Magazine article FDA Consumer

Speedier Approval Rules

Magazine article FDA Consumer

Speedier Approval Rules

Article excerpt

Final rules to speed the approval of drugs and biologics for people with serious or life-threatening diseases, such as cancer, AIDS, or Alzheimer's disease, went into effect Jan. 11, 1993.

The regulations, published in the Dec. 11, 1992, Federal Register, establish procedures for FDA to approve a therapy based on "surrogate endpoints" or markers when the product provides a meaningful benefit over currently available therapies. Such endpoints might include laboratory tests or physical signs that do not in themselves constitute a clinical effect, but which qualified scientists judge are likely to correspond to real benefits to the patient.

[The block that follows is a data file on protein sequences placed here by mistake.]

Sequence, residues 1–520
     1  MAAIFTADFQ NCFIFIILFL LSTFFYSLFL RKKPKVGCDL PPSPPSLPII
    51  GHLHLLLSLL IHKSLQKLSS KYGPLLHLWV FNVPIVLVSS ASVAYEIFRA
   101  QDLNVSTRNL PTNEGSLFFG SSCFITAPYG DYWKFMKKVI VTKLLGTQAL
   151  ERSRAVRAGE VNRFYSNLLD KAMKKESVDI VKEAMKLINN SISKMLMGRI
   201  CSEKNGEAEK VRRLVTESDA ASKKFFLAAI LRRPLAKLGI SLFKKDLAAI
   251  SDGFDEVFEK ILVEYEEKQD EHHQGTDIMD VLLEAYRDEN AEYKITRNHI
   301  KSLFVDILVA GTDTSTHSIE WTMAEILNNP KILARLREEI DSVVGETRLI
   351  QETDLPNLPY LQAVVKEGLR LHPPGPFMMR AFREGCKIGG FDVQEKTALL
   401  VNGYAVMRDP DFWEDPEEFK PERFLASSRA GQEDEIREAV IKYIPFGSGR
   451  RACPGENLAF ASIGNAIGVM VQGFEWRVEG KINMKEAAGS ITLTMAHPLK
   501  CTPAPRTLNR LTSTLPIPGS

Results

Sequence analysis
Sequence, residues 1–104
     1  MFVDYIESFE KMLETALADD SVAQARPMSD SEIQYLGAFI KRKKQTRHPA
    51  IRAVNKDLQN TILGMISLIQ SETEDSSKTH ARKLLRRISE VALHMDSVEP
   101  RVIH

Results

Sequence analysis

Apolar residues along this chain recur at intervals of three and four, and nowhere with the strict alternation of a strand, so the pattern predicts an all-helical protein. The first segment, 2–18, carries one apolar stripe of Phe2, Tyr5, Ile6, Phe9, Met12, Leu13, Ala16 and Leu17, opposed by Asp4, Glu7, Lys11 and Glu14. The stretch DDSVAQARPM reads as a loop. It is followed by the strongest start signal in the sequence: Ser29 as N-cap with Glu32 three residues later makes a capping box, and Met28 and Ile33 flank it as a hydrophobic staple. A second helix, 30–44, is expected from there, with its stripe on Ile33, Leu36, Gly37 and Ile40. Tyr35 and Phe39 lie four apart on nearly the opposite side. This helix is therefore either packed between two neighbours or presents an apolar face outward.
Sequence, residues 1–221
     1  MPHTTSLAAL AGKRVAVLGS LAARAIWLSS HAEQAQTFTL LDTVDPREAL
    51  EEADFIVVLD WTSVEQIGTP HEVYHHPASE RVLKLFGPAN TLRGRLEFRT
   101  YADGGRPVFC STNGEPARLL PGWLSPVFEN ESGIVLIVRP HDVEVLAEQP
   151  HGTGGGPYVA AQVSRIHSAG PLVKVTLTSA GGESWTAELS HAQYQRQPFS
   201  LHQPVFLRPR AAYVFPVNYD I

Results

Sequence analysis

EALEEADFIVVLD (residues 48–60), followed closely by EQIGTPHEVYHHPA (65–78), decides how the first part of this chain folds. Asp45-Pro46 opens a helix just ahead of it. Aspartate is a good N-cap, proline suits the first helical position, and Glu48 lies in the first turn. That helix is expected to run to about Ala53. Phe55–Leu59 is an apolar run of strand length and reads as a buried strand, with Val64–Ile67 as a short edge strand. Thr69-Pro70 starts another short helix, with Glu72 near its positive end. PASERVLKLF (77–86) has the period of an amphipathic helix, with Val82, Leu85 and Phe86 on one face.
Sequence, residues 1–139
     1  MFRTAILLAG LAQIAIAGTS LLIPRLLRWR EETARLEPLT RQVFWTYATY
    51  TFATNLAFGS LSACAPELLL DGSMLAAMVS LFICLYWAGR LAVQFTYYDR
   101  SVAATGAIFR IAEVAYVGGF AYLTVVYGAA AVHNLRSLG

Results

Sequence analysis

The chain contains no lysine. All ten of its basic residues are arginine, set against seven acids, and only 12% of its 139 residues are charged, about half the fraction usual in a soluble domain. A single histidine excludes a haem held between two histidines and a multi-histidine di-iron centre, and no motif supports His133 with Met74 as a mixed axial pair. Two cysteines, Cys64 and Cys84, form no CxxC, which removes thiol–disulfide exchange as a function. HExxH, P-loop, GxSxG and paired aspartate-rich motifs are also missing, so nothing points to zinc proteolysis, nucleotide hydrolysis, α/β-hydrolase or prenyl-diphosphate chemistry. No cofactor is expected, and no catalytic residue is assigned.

The use of surrogate endpoints for efficacy permits approval earlier than the traditional agency-required endpoints, such as relief of disease symptoms or prevention of disability and death.

When a product is approved based on surrogate endpoints, FDA will require the therapy's sponsor to agree to continue or undertake human studies to confirm that the chug is clinically effective. The new rules provide for a streamlined withdrawal process if post-marketing studies do not verify the therapy's clinical benefit, if there is new evidence that the product is not safe and effective, or if other circumstances arise that make its speedy withdrawal necessary.

The new rules also enable FDA to approve a therapy more quickly but restrict or modify its use. For example, distribution might be restricted to facilities or physicians with special training or experience; or distribution might be conditional on the performance of specified medical procedures. …

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